Related: How to write scannable blog posts people actually read + free checklist

Example: Amy Porterfield uses bullet points to make the text on her landing page easy to read.

 

 

landing page design mistakes

4. It makes your call to action hard to spot

You can have a stunning landing page with slick copy. But you’ll struggle to get conversions if your call to action (CTA) isn’t obvious. Here’s how to avoid this landing page design mistake by making sure your CTA doesn’t get lost on your landing page:

  • Select a contrasting colour for your CTA button (a colour that contrasts with the other colours on your landing page)
  • Make sure the text on your CTA button stands out. Check your button font colour and size.
  • Eliminate unrelated links or buttons that may compete for your visitors’ attention

Related: 7 call-to-action design tips that boost sign ups and sales + 80 CTA templates

Example: Blue Apron’s orange CTA button stands out on the blue background.

 

landing page design mistakes

 

5. It asks for too much

You may be offering a hot resource or paid product on your landing page. But if your opt-in form is the length of a novel, you may be making your visitors think twice. Remember that most people who see your landing page don’t know much about your brand. They probably found you while searching for information or a solution to a problem they have. As a result, they won’t be prepared to share their phone number, address, or blood type with you.

Avoid this landing page design mistake by including only those fields that you absolutely need in your opt-in forms. For a free resource, a name and email address is usually sufficient. Even if you just get an email address, this info is all you need to start building a relationship with people and eventually pitch more offers.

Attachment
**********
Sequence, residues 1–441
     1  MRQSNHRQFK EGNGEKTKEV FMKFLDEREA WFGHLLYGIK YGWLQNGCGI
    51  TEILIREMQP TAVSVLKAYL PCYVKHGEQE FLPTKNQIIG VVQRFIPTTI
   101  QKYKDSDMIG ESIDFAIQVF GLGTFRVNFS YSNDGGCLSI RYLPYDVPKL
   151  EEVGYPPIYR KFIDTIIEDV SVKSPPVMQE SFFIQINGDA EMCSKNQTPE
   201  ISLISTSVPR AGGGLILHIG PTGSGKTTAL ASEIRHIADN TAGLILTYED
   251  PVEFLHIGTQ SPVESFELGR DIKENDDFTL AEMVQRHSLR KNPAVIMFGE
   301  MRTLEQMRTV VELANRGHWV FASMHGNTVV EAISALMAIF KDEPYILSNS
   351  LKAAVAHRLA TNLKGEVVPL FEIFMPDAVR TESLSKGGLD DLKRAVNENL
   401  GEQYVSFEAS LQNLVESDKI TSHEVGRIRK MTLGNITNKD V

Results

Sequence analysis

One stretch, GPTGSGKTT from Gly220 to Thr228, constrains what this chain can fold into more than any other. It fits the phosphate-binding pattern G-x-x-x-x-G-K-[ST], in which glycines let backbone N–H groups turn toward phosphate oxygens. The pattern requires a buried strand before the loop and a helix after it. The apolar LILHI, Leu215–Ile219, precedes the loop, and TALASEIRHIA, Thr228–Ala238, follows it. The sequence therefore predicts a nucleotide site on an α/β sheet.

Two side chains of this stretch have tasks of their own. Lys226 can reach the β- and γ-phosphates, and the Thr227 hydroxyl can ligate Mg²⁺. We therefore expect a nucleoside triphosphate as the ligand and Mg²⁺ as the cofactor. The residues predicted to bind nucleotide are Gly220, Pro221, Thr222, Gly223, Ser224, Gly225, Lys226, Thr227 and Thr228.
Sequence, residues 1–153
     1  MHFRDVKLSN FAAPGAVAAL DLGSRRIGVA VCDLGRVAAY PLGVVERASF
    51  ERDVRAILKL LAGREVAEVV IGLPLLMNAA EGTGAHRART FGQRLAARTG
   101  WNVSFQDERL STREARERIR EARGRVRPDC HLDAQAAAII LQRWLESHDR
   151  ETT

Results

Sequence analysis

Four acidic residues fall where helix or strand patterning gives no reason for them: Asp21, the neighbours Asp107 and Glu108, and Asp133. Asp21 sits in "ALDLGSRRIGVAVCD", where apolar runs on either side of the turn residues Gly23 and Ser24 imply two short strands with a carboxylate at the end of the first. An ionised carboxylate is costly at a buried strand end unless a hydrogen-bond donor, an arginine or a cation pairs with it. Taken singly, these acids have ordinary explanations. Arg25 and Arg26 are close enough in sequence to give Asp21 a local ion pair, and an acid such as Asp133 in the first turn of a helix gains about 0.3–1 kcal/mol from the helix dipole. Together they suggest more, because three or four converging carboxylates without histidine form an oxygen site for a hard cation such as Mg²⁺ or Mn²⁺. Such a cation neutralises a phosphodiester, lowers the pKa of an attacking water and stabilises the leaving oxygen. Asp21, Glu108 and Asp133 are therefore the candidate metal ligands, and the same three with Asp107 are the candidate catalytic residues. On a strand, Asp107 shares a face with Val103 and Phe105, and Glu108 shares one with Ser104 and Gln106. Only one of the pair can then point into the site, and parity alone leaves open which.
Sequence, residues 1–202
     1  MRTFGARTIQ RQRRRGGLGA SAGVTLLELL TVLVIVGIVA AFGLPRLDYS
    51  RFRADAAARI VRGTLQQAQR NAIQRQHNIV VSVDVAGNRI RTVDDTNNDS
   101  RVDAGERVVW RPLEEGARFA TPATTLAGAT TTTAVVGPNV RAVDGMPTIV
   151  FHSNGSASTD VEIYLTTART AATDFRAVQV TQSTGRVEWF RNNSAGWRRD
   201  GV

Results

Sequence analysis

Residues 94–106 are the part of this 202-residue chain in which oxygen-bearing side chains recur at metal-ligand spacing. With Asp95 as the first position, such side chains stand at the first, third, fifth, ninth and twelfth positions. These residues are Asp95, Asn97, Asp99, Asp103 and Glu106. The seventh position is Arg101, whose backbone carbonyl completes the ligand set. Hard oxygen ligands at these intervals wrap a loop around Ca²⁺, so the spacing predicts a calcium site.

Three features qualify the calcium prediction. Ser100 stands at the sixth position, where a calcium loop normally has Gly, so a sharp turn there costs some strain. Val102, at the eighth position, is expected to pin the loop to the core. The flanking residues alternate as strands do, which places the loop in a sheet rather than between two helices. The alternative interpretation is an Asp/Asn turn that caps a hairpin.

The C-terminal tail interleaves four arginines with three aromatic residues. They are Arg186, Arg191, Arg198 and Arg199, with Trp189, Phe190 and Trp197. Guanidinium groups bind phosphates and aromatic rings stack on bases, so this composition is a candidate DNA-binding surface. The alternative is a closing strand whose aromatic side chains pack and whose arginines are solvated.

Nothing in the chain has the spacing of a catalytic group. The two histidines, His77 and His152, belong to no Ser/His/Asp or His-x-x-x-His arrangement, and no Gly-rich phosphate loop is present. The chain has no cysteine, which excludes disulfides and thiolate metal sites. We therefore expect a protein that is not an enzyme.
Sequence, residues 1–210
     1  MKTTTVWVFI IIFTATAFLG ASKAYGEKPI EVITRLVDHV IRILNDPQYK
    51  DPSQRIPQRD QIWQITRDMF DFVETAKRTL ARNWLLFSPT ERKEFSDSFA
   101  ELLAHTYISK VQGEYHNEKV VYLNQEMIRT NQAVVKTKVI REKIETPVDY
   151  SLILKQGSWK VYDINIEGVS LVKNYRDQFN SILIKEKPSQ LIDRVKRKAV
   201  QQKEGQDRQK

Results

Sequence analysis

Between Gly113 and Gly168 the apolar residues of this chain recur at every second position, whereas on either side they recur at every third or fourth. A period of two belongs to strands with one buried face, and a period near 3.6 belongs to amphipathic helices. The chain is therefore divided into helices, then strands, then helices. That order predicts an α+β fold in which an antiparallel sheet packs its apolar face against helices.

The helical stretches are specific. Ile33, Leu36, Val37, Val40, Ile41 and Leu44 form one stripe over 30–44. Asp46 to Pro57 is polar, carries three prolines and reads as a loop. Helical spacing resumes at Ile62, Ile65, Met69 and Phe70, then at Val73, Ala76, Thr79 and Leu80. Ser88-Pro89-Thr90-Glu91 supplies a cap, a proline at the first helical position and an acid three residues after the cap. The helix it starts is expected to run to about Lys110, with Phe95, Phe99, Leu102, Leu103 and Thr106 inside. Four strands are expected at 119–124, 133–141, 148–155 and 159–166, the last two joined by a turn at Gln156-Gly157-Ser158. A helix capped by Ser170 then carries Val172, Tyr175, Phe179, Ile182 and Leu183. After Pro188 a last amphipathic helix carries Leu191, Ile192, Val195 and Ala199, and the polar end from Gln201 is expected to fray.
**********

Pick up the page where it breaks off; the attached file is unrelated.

Get more sales, clients, or email subscribers by learning the formula that makes landing pages convert.
Download my free landing page copy template + full example.

6. It contains irrelevant visuals

Having visuals on your landing page is the best way to jazz it up and make it engaging. But don’t assume that you can add just any visuals to your landing page. If your visuals aren’t relevant to your offer, they may only confuse your visitors.

Avoid this landing page design mistake by using high-quality, on-brand images. In some cases, stock photos may be your only option. But if it’s feasible, use real photos on your landing page. Data shows that real photos can increase conversions by 35%.

Related: The 10 best stock photo sites for your blog or website + 15 bonus sites

Example: See how Melyssa Griffin uses relevant visuals on this landing page for her Pinterest course.

 

 

landing page design mistakes

7. Its thank you page is a missed opportunity

What’s one of the most common landing page design mistakes? Not making good use of a thank you page. Even though it’s called a “thank you” page, you should use it to do more than just thank people for signing up for your offer. Otherwise, your thank you page is a missed opportunity.